One thing that can help with visuals for book fandoms is a lot of fan-art….it can then provide the general idea and look for each character, prompting the desire to cosplay. One of the best Christian fantasy bases I’ve seen for artistic visuals is the Tales of Goldstone Wood….so many talented people there!! You can find a lot of it here at the fandom blog–

  2. JJ Johnson says:

    Great post Stuart… I never really thought about it. The first real spec fic in the CBA I read was the circle trilogy. But no, I don’t think I noticed anyone dressing as Thomas Hunter. There are a lot of great characters in our works- I think that being champions of our own worlds isn’t bad and is supportive of the art we create. It’s always cool to see someone dressed as an Amish Zombie, or Regan Moon- Now I have to start rethinking costume ideas for next year at Realm Makers- Thanks.. 🙂

  3. Lauren Beauchamp says:

    The Goldstone Wood books by Anne Elisabeth Stengl have a small, but dedicated fandom — we’re the Imps of Goldstone Wood! There’s a goodreads group that has some interesting discussions. And if you haven’t read these yet, they’re a MUST. The first, Heartless, is okay but the books get continually better and deeper.

  4. I would agree with Katie that it is much harder to cosplay someone/something without seeing a visual representation (given to us by either movies, tv, or an accurate photo on the cover of a book). I know I’ve seen at least one cosplay costume of Nym from Mary Weber’s Storm Siren but that’s only a small representation.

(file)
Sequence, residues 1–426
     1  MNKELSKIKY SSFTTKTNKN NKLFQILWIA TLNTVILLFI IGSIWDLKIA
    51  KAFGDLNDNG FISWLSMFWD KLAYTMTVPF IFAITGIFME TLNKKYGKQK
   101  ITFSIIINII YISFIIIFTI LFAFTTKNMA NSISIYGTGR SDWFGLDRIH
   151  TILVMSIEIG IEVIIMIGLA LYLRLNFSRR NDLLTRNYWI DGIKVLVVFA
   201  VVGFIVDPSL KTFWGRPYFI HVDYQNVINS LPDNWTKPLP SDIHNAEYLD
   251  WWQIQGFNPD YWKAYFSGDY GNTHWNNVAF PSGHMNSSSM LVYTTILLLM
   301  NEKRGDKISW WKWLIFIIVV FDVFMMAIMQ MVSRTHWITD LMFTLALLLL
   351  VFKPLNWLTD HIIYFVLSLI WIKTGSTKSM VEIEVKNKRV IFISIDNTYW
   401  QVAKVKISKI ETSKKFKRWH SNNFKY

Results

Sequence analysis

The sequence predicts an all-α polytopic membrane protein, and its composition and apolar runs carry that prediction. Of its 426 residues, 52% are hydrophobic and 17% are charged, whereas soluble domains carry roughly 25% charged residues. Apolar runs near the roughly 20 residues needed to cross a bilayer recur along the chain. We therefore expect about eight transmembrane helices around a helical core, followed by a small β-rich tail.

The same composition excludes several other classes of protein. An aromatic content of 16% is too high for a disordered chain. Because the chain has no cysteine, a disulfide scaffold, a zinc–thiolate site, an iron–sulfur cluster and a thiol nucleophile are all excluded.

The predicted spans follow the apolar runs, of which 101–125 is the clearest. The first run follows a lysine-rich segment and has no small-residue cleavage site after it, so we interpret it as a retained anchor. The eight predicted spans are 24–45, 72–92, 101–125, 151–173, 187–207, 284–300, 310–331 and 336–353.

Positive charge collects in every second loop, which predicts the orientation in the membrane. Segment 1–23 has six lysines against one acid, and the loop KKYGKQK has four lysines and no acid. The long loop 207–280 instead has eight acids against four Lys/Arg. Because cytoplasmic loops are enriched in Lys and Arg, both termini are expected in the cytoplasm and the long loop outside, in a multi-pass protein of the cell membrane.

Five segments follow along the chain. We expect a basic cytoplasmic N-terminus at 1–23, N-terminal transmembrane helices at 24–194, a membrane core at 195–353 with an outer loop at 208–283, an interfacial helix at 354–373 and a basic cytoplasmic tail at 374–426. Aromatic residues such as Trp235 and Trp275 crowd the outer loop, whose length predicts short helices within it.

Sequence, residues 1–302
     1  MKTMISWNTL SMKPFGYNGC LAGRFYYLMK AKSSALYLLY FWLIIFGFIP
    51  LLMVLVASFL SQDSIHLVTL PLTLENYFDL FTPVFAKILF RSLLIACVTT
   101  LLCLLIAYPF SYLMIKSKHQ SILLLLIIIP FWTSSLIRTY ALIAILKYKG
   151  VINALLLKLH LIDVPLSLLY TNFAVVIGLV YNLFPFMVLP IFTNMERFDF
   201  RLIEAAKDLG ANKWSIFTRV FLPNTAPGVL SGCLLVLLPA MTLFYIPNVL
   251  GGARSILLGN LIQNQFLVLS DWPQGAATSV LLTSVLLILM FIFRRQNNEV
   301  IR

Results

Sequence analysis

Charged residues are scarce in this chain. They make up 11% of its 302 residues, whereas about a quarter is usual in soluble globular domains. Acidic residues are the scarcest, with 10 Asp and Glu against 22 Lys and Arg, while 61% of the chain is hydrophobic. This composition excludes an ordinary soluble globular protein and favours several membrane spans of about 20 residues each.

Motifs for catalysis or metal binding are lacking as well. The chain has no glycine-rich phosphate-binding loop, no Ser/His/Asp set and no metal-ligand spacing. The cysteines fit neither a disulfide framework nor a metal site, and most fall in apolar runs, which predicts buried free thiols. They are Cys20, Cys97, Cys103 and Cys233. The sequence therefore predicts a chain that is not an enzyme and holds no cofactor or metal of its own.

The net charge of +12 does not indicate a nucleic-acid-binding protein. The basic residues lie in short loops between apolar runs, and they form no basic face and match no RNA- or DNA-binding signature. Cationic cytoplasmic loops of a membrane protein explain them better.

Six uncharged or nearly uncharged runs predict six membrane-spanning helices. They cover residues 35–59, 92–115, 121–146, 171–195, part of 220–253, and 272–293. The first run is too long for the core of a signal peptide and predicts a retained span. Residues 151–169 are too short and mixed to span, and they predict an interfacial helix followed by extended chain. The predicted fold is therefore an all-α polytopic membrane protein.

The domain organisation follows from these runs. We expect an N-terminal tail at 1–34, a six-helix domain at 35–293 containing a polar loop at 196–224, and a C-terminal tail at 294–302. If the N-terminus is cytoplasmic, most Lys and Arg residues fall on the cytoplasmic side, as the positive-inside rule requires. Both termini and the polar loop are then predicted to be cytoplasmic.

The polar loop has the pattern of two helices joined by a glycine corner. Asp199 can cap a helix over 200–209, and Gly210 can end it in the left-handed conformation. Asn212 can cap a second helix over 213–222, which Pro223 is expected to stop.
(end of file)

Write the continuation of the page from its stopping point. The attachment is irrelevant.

I suppose, as I think about it more, the market (and therefore the following) is smaller for the Christian Speculative community which lends itself to a smaller representation in all formats. This is definitely unfortunate, but understandable in some sense because Christian culture will always be counter-cultural if we’re following Christ. I too would LOVE to see Christian Spec explode in the market but I’m not sure that will happen. I think growth within the Christian community is possible though, and to some extent, I also think that it will grow and grow well as the word spreads.

    I think your challenge at the end here is the best way to go about spreading the word. It is within the Christian community that, as we uphold one another and tell others about our favorite Christian Spec books, that it will spread. We have to be the voice and maybe even the image (via cosplay) to get the word out about great books.

    Great post!

    • Thanks, Emilie. The cosplay portion may have overshadowed the rest, but my big push here is to try and see how we can celebrate the stories we love through any means possible. Fan art, discussion, cosplay, fan fiction… it could take a lot of forms.

  5. Kessie says:

    *pokes Stuart* Where’s that next Starfire book? I want to know more about that fantastic world, and why the whole dinosaur civilization is still scared of the moon.

    Looking around, I don’t see a lot of fandoms for small secular books, either. The writers at kboards are always wistfully hoping for fanfiction and fan art. The only one I know that’s gotten some has been the Heartstrikers books by Rachel Aaron. And come on–urban fantasy with dragons in human form is just too good. (Shadowrun, anyone?)